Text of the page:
The regulatory clock is ticking for health-care providers and their technology partners.
Late last year, the Department of Health and Human Services (HHS) published new standards intended to protect the confidentiality of "individually identifiable" health-care information. The privacy rules say how patient information can be used and disclosed within a health-care organization, and dictate how the information can be shared with other parties. The regs stem from the privacy provisions of the Health Insurance Portability and Accountability Act (HIPAA), which became law in 1996 (www.hhs.gov/ocr/hipaa).
HHS says a pressing need exists "for national standards to control the flow of sensitive patient information." Although the health-care community doesnt dispute the need for privacy standards, organizations such as the American Hospital Association (www.aha.org/hipaa/hipaa_home.asp) worry about the financial impact of the new rules and object to the compliance timetable. The implementation deadline is Feb. 26, 2003.
Integrators capable of helping hospitals beat the clock should find no shortage of work. To comply with just some of the rules, hospitals could spend as much as $22.5 billion over five years, according to First Consulting Group, which studied HIPAAs cost for the American Hospital Association. That spending projection assumes that hospitals will need to reconfigure or replace information systems in order to comply.
Jody Noon, a partner who follows health-care regulatory issues at Deloitte & Touche, believes such overhauls are inevitable. "We know they are going to have to redesign systems," says Noon, who adds that HIPAA affects every aspect of a health-care organization, from the caregivers to the IT department. "You really are looking at major organizational change."
Among the health-care entities tasks is to define which classes of individuals will have access to which subsets of medical records. Then theres the issue of external parties. Health-care groups will need to establish "internal controls on how information will be accessed and shared," Noon says.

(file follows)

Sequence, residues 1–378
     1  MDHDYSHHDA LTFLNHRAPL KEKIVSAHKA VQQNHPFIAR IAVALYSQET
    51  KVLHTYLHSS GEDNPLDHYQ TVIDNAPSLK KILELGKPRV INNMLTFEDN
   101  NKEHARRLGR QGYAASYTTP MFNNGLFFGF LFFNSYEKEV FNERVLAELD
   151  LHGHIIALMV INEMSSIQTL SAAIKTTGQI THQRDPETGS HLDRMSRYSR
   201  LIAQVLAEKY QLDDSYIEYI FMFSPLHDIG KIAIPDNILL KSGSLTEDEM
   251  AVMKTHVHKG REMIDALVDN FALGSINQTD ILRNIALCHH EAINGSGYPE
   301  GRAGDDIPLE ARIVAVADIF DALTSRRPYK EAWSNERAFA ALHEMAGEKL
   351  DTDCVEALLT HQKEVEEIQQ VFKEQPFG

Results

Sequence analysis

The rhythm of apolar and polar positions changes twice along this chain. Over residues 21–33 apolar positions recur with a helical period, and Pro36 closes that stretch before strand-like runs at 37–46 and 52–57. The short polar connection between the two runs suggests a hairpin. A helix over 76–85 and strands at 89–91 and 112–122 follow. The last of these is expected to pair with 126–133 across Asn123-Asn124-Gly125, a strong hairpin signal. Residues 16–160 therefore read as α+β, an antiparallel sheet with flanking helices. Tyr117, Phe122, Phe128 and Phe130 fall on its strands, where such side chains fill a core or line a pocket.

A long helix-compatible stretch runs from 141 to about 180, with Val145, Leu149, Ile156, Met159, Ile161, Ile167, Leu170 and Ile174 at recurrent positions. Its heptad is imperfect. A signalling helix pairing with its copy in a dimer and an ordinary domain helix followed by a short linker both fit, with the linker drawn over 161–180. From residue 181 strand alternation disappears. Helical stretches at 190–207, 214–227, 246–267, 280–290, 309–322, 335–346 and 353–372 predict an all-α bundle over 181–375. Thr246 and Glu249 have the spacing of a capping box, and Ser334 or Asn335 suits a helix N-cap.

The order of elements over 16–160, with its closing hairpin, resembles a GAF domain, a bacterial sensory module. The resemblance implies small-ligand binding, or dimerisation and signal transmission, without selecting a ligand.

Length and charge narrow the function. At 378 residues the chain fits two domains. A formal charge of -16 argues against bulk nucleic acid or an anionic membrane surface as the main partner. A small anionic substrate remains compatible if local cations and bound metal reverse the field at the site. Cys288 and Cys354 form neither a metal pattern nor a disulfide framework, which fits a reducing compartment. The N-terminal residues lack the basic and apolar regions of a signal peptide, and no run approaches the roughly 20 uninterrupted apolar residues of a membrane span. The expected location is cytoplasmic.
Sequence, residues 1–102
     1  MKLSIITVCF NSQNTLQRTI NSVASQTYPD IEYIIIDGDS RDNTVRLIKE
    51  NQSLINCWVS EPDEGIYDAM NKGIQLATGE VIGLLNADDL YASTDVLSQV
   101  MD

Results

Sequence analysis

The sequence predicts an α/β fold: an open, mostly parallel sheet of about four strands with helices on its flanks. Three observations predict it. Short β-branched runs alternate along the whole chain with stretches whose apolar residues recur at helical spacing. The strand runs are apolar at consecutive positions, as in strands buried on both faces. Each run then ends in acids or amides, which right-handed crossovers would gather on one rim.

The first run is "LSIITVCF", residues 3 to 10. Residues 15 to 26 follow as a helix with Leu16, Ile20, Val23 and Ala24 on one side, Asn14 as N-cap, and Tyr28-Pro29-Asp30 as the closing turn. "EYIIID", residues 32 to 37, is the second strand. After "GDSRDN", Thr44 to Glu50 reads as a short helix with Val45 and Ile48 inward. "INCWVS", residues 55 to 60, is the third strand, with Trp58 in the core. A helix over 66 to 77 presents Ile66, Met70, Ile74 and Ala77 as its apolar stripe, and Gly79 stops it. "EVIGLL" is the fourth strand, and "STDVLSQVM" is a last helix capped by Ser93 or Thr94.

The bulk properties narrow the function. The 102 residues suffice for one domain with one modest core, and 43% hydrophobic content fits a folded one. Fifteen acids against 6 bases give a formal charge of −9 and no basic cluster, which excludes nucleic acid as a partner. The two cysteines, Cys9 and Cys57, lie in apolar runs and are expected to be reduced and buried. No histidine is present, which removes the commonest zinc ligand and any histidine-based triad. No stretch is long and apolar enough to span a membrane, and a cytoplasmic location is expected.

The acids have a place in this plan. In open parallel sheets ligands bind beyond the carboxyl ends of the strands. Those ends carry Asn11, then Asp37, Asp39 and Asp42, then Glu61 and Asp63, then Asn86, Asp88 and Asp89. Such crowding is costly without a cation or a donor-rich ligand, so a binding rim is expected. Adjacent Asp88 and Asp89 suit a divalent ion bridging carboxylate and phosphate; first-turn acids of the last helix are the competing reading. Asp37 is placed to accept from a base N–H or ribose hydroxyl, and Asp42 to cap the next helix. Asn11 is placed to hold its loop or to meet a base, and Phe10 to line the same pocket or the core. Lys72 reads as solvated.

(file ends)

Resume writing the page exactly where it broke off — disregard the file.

Accordingly, HIPAA compliance calls for a strong dose of business process reengineering (BPR), which plays to the strength of consulting-oriented firms. But as BPR has emerged as a hot service, the actual implementation of HIPAA-compliant systems will have to wait.
"There really isnt anything there yet in the marketplace," Noon says, who recently tried to obtain price estimates for technical solutions. First Consulting Group reports that leading hospital systems products cant deliver all the functionality HIPAA requires. That shortfall could boost HIPAAs price tag beyond the consulting firms $22.5 billion estimate, because "more significant upgrades" would be required.
Noon says she expects the systems outlook to improve. In the meantime, shes working with customers to examine their HIPAA shortcomings with an eye toward designing a solution. A traditional approach would be to conduct a gap analysis and later embark on the technical solution. But todays timetable calls for "rolling up our sleeves and designing a solution."
Even so, consultants and integrators will be hard-pressed to help their clients meet the deadline. Welcome to the year 2003 problem.